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They take that into account, but there isn't much discrepancy for school differences.

If they do any "GPA forgiveness", it's quite minimal. You can look at the GPA average admits from a grade deflated school and an easy school and you won't find much of a discrepancy.

Saying your school is in the top 100 can mean anything. Is your school 99th? Is your school 6th?

Also, as music2doc said, many many elite private schools have grade INFLATION. MIT and Caltech would be exceptions.
 

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If you have better grades at a "worse" school, chances are that the computer will filter you on to the next stage based on raw numbers. Actual admissions people don't look at your application until it's gone through this cutoff process.
 

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Do medical schools actually take into account which school you attend? I am graduating with a BS from a top 100 US private college,and I personally feel that my GPA would be a lot higher if I had gone to a public/state school(not a community college) where the curriculum is supposedly not as rigorous in terms of the amount and depth of material taught in biology courses (just what I have heard from friends). I mean if someone from an easy state school graduates with a 3.8, and the next guy attending a more difficult school has a 3.6, which do you think they would prefer?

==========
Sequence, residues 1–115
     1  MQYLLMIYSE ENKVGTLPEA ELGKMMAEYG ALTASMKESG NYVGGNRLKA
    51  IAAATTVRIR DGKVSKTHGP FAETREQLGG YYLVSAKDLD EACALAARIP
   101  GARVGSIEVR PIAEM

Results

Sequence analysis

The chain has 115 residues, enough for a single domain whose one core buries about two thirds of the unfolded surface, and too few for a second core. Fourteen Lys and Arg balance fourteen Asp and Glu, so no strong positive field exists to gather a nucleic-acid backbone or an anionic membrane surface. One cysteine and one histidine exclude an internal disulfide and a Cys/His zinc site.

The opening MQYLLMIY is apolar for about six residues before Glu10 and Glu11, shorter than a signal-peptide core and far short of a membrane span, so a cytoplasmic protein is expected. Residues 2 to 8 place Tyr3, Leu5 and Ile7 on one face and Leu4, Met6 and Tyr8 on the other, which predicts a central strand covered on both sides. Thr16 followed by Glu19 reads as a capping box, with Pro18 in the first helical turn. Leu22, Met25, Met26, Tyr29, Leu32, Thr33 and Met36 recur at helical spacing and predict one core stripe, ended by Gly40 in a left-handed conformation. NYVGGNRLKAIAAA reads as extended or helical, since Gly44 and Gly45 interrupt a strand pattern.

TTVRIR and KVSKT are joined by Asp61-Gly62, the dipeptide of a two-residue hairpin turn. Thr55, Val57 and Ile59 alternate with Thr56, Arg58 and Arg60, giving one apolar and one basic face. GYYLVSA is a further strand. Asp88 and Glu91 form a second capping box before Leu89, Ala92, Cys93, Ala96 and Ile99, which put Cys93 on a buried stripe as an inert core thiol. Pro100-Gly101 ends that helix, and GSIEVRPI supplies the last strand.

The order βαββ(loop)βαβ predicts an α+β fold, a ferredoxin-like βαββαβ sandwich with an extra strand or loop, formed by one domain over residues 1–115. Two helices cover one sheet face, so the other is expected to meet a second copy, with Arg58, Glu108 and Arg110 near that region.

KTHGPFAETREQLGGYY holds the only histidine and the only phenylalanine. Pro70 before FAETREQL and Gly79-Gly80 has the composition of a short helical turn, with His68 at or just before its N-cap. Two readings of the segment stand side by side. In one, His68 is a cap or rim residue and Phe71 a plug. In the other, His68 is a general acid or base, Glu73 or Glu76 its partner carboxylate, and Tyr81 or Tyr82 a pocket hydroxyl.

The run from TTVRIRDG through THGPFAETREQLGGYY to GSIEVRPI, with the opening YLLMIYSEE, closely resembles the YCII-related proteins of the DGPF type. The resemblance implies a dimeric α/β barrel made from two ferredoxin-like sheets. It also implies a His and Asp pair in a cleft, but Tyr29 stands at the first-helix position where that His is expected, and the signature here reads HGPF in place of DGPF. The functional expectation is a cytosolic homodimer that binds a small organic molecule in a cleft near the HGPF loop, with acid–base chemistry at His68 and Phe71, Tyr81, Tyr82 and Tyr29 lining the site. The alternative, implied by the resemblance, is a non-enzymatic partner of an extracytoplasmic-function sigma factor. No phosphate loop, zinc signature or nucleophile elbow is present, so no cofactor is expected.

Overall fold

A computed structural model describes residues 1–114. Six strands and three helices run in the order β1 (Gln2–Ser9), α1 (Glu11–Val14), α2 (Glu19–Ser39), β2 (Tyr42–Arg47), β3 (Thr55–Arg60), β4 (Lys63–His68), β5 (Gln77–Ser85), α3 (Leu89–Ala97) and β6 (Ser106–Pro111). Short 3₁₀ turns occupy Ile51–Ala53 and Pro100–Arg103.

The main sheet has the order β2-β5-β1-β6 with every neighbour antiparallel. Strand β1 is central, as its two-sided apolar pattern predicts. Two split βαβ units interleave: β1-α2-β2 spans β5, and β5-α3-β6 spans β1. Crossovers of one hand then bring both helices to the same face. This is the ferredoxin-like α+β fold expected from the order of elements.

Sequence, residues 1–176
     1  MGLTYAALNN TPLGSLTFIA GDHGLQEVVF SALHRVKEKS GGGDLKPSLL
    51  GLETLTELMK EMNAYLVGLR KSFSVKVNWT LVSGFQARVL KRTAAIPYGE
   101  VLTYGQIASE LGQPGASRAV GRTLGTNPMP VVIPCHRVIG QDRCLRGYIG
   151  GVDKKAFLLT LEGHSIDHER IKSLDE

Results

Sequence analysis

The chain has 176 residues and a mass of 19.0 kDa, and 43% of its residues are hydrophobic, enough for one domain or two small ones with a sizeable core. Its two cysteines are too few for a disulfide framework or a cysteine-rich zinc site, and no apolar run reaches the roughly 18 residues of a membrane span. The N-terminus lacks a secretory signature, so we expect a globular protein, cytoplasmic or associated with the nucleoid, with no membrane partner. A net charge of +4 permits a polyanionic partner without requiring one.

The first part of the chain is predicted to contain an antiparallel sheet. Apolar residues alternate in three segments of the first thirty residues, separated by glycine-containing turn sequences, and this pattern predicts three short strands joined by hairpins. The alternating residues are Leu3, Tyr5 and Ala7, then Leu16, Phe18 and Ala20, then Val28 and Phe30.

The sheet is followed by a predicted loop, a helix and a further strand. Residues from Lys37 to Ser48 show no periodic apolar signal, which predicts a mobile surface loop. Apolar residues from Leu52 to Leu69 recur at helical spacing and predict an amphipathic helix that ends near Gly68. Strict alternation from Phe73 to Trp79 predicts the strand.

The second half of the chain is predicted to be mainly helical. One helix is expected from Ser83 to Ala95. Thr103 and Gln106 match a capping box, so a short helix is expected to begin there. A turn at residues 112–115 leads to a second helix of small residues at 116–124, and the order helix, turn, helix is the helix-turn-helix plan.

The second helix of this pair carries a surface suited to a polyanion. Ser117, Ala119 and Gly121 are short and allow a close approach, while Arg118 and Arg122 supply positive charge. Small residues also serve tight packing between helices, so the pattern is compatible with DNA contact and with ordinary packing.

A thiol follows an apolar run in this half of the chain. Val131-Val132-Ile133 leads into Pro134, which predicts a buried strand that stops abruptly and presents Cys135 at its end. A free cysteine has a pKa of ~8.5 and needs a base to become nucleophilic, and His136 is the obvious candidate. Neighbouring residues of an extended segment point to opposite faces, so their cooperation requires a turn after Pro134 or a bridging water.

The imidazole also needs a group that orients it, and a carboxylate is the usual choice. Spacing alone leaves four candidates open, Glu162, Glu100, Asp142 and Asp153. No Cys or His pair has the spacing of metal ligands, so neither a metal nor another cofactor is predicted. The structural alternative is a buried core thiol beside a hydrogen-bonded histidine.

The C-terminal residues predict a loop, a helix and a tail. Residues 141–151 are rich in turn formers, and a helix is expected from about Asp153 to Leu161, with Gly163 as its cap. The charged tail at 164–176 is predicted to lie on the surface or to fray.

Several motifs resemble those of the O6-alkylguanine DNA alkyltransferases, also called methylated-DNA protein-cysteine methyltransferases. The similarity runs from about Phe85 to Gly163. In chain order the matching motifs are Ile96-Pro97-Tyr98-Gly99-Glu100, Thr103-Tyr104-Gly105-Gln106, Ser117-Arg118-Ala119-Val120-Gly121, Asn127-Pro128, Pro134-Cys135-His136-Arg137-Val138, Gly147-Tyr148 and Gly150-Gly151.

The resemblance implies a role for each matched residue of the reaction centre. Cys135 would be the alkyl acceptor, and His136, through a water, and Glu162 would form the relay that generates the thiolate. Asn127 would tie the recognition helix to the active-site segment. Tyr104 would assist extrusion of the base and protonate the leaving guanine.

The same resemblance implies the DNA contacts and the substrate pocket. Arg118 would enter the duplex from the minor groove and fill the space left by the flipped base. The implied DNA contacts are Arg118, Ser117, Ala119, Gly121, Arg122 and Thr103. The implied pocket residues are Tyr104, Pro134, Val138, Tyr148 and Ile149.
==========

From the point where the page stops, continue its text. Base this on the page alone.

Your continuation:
I guess it just comes down to how well you perform on your MCAT, which would reflect how much you've actually learned.

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music2doc

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They take that into account, but there isn't much discrepancy for school differences.

If they do any "GPA forgiveness", it's quite minimal. You can look at the GPA average admits from a grade deflated school and an easy school and you won't find much of a discrepancy.

Saying your school is in the top 100 can mean anything. Is your school 99th? Is your school 6th?

Also, as music2doc said, many many elite private schools have grade INFLATION. MIT and Caltech would be exceptions.


QFT.

I mean if someone from an easy state school graduates with a 3.8, and the next guy attending a more difficult school has a 3.6, which do you think they would prefer?

And OP, to answer your closing question, the guy with the 3.8 is clearly the stronger student in this case. That's a 0.2 difference. If they were both 3.8s and one was at MIT while the other was at CalState-Fullerton, the MIT grad would obviously be better (assuming equivalent MCAT scores). However, between some school ranked 82 on one of the MANY US News Rankings lists and some unranked state school the difference is pretty much irrelevant (because there are actually SEVERAL national rankings lists that they put out, which means you're not even really "Top 100" anything to begin with...more like somewhere in the top 10%, which isn't nearly as cool sounding). I think one could actually argue quite effectively that many (possibly most) state institutions are actually tougher to get a high GPA at than would be a private school ranked at the bottom of the double-digits.... OP, doesn't look so good for ya, buddy. :smuggrin:
 
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Sergeant D

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Do medical schools actually take into account which school you attend? I am graduating with a BS from a top 100 US private college, and I personally feel that my GPA would be a lot higher if I had gone to a public/state school (not a community college) where the curriculum is supposedly not as rigorous in terms of the amount and depth of material taught in biology courses (just what I have heard from friends). I mean if someone from an easy state school graduates with a 3.8, and the next guy attending a more difficult school has a 3.6, which do you think they would prefer?